Monday, December 30, 2013


The latest film from legendary director Martin Scorsese can easily be compared to a roller-coaster ride. It is an endless assault on the senses with thrills and laughs and a literal bombardment of lights and sounds while flipping and tossing the viewer in every conceivable direction with no mercy. Its presentation is a mirror for the world of over-the-top excess, and it is unlikely that there was any other way to tell the story of THE WOLF OF WALL STREET.

Based on a true story, New York stockbroker Jordan Belfort (Leonardo DiCaprio) and his business partner Donnie (Jonah Hill) strike it rich with their brokerage firm by trading corrupt stocks, which leads to a life of excessive drugs, hookers, mansions, and yachts. Their millions catch the attention of FBI Agent Denham (Kyle Chandler), who sets out to build a case against them.

The story of THE WOLF OF WALL STREET is a tough sell as there is very little plot involving main characters who are two of the most despicable human beings ever put to film. Jordan and Donnie make their millions by ripping off middle-class Americans, and they reward themselves by cheating on their wives and snorting cocaine off the naked asses of high-priced hookers. The film doesn’t bother to give the main characters any sort of arc; there is nothing for them to do or strive towards, and the eventual showdown with the antagonist of the film (FBI) is almost treated like an afterthought. 

The idea seems to be to teach us about the pitfalls of overabundance and greed, and for the most part…it works. Martin Scorsese takes us to school in a highly energetic film which doesn’t lag or get dull for one second. The editing is furious, the camera is always in neat places, the music is like a steroid and the performances are electric. We don’t really root for or connect with the scumbag characters, but we simply cannot get enough of them as they playground their way through the American and off-shore financial world.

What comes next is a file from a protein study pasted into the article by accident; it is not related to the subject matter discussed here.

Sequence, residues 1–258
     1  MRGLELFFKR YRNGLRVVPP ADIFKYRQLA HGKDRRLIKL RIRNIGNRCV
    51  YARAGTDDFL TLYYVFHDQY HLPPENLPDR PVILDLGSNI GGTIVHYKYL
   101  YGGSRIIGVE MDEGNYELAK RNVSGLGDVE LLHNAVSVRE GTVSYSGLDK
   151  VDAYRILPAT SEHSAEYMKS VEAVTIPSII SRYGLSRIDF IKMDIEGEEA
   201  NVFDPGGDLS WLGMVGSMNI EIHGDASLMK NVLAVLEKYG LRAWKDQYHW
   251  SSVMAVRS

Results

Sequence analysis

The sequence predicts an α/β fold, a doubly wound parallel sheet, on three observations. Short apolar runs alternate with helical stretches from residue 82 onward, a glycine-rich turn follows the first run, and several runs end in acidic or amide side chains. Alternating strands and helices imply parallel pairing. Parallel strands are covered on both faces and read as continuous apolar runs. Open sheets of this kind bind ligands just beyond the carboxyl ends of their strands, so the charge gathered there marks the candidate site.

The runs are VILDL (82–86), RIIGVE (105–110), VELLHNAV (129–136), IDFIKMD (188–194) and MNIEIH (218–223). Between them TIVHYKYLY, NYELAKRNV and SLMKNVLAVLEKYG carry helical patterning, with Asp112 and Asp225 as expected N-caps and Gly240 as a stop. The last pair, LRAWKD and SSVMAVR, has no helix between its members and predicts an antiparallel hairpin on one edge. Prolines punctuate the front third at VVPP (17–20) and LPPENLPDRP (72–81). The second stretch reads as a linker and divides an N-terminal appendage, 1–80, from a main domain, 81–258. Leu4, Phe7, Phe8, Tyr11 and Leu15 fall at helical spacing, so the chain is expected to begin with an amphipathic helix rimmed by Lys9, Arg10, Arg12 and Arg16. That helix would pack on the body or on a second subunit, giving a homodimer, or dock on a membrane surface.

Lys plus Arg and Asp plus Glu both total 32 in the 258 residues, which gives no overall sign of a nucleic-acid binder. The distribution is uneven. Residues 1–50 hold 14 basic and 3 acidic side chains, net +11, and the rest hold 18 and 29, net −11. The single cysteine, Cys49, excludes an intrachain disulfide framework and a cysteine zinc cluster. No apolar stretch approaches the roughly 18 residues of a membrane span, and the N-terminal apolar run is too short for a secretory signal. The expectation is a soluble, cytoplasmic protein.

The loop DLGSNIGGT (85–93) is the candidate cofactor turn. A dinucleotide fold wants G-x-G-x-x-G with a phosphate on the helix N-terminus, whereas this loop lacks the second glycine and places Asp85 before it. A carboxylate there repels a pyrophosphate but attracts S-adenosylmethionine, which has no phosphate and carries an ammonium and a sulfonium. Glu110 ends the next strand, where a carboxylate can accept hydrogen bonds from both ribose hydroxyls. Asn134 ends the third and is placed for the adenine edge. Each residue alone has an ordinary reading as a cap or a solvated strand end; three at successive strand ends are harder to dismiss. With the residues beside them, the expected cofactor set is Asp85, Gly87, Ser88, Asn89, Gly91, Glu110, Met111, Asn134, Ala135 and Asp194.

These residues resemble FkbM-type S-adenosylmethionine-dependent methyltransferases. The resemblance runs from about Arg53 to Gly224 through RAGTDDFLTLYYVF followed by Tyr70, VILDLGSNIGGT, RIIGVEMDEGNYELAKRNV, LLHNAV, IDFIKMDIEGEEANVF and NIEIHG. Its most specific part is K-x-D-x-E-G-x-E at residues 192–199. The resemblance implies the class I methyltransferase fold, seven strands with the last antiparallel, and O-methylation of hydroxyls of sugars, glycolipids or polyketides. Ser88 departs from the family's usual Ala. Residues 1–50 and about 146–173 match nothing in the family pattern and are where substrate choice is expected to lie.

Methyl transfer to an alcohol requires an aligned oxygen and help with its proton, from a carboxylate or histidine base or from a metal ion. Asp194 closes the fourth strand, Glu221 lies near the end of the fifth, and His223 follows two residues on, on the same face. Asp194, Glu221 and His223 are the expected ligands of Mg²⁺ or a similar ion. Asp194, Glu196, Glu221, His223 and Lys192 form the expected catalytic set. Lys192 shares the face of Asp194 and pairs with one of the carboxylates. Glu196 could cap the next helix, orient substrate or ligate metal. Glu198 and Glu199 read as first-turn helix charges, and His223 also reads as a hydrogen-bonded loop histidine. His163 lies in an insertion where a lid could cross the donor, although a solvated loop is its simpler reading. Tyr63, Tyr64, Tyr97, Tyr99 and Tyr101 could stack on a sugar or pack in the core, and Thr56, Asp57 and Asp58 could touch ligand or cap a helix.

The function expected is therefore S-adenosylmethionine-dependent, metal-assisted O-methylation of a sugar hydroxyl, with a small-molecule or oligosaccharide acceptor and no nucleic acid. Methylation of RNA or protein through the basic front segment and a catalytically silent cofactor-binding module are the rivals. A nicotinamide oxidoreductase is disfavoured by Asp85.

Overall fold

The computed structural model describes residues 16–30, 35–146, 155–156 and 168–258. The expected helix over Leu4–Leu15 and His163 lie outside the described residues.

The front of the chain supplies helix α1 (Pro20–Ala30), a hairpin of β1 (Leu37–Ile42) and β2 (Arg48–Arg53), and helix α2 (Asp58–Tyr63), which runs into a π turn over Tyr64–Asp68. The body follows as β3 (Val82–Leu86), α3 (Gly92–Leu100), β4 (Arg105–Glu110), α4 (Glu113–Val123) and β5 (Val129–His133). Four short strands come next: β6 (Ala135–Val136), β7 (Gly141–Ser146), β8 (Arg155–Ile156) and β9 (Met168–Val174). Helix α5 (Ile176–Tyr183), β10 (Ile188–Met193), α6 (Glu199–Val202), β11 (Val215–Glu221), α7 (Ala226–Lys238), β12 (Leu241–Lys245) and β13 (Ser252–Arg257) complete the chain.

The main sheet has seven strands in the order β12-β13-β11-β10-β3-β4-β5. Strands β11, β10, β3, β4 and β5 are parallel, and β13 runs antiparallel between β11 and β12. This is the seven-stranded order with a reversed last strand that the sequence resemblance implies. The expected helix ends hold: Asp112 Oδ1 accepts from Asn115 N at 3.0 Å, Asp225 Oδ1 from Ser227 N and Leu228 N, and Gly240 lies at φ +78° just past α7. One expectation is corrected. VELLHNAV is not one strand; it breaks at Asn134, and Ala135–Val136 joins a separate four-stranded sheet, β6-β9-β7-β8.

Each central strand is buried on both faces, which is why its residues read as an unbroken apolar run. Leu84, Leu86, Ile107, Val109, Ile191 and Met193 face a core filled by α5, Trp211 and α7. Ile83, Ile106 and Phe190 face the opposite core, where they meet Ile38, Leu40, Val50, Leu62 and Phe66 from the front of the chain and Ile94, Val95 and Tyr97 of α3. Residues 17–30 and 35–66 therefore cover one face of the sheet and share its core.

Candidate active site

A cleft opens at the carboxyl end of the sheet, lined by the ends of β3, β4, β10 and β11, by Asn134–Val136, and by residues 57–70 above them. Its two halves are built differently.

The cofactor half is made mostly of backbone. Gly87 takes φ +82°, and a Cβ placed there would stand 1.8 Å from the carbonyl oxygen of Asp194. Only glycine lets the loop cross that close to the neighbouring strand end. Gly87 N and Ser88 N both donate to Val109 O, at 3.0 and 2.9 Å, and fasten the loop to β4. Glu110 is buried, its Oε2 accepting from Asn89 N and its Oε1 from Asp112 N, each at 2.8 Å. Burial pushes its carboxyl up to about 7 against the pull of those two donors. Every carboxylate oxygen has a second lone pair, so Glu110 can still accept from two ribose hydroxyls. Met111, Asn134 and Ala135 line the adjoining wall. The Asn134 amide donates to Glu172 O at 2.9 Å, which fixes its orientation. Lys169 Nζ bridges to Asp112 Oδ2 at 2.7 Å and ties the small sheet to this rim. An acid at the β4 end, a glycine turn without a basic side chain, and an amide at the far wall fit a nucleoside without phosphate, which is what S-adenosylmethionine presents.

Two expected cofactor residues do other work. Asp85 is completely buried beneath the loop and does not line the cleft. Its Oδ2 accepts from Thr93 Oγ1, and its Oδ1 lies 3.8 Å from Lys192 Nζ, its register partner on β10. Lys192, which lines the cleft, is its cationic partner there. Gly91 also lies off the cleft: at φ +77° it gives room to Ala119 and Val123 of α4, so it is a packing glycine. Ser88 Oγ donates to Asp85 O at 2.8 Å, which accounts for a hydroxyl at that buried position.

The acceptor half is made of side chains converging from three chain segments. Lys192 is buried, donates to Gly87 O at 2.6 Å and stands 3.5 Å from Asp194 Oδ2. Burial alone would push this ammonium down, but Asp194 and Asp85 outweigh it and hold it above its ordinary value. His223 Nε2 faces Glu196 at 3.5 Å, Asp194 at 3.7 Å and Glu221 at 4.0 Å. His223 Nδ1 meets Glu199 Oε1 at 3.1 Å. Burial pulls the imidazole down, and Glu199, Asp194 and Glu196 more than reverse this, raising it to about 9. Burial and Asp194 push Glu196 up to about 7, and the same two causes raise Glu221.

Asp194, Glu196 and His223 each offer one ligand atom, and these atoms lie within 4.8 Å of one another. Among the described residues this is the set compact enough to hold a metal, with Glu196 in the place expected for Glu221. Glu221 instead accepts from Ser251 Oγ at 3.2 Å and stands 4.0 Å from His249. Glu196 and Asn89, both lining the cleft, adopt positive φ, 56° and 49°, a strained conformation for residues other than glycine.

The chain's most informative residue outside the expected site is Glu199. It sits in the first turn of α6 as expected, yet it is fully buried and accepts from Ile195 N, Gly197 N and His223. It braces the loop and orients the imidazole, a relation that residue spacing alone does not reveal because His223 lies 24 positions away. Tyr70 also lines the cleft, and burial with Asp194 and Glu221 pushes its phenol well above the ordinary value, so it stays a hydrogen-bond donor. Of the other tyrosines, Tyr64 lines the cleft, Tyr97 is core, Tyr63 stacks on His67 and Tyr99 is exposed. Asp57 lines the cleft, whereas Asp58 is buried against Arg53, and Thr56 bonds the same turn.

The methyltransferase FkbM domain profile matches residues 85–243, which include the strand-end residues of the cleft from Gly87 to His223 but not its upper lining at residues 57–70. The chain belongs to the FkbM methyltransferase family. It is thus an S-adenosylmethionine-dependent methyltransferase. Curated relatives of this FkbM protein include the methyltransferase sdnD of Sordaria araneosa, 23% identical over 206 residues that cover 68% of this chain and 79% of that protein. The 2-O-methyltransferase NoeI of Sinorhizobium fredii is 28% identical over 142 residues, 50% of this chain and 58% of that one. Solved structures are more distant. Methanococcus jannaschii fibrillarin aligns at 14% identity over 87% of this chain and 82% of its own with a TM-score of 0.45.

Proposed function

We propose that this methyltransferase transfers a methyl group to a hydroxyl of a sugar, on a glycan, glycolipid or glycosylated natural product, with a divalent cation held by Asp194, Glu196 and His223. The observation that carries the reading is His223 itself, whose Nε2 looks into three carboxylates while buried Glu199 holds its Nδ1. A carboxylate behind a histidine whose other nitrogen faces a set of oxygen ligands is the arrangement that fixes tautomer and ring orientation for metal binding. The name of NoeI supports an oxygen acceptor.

Scorsese isn’t shy about teaching us the dangers of excess, as his picture is often filled with naked people who are always having sex or smoking or snorting or swallowing something. The full-frontals and what they do with them push the limits of an R-rated film, and Scorsese will be lucky if he doesn’t get a label as a dirty-old-man. But again, it’s a film about excess…and while all the boobs and butts we see may feel awkward after the 500th time, it’s part of a story that actually happened and Scorsese clearly isn’t about to shy away from it. As snappy as most of the editing is, the film feels like it could have been tighter. A lot of scenes ramble on for way too long and things start to feel redundant; as fun as roller-coasters are, there are reasons why they have time limits.

True to the nature of the film, performances are injected with enough rocket fuel to send everyone over the moon and back. Leonardo DiCaprio has never chewed the scenery like this before, so much that he often feels like a Muppet or a cartoon. DiCaprio does some serious physical work here too, a lot of which is hard to watch. Jonah Hill turns in his best performance ever and has a wow-factor every time he is on-screen. Matthew McConaughey’s involvement is great, but is basically an extended cameo, and Kyle Chandler is solid as always. The sexy and beautiful Margot Robbie does great work as Belfort’s wife and has great chemistry with DiCaprio, and Rob Reiner is dazzling and hilarious as his father.

Looking back on his storied career, Scorsese has probably never been this relentless or bold in his storytelling, and one’s enjoyment of the film depends on how tolerant they are of the unabashed approach. THE WOLF OF WALL STREET may be offensive with questionable morals, but it is immensely effective.


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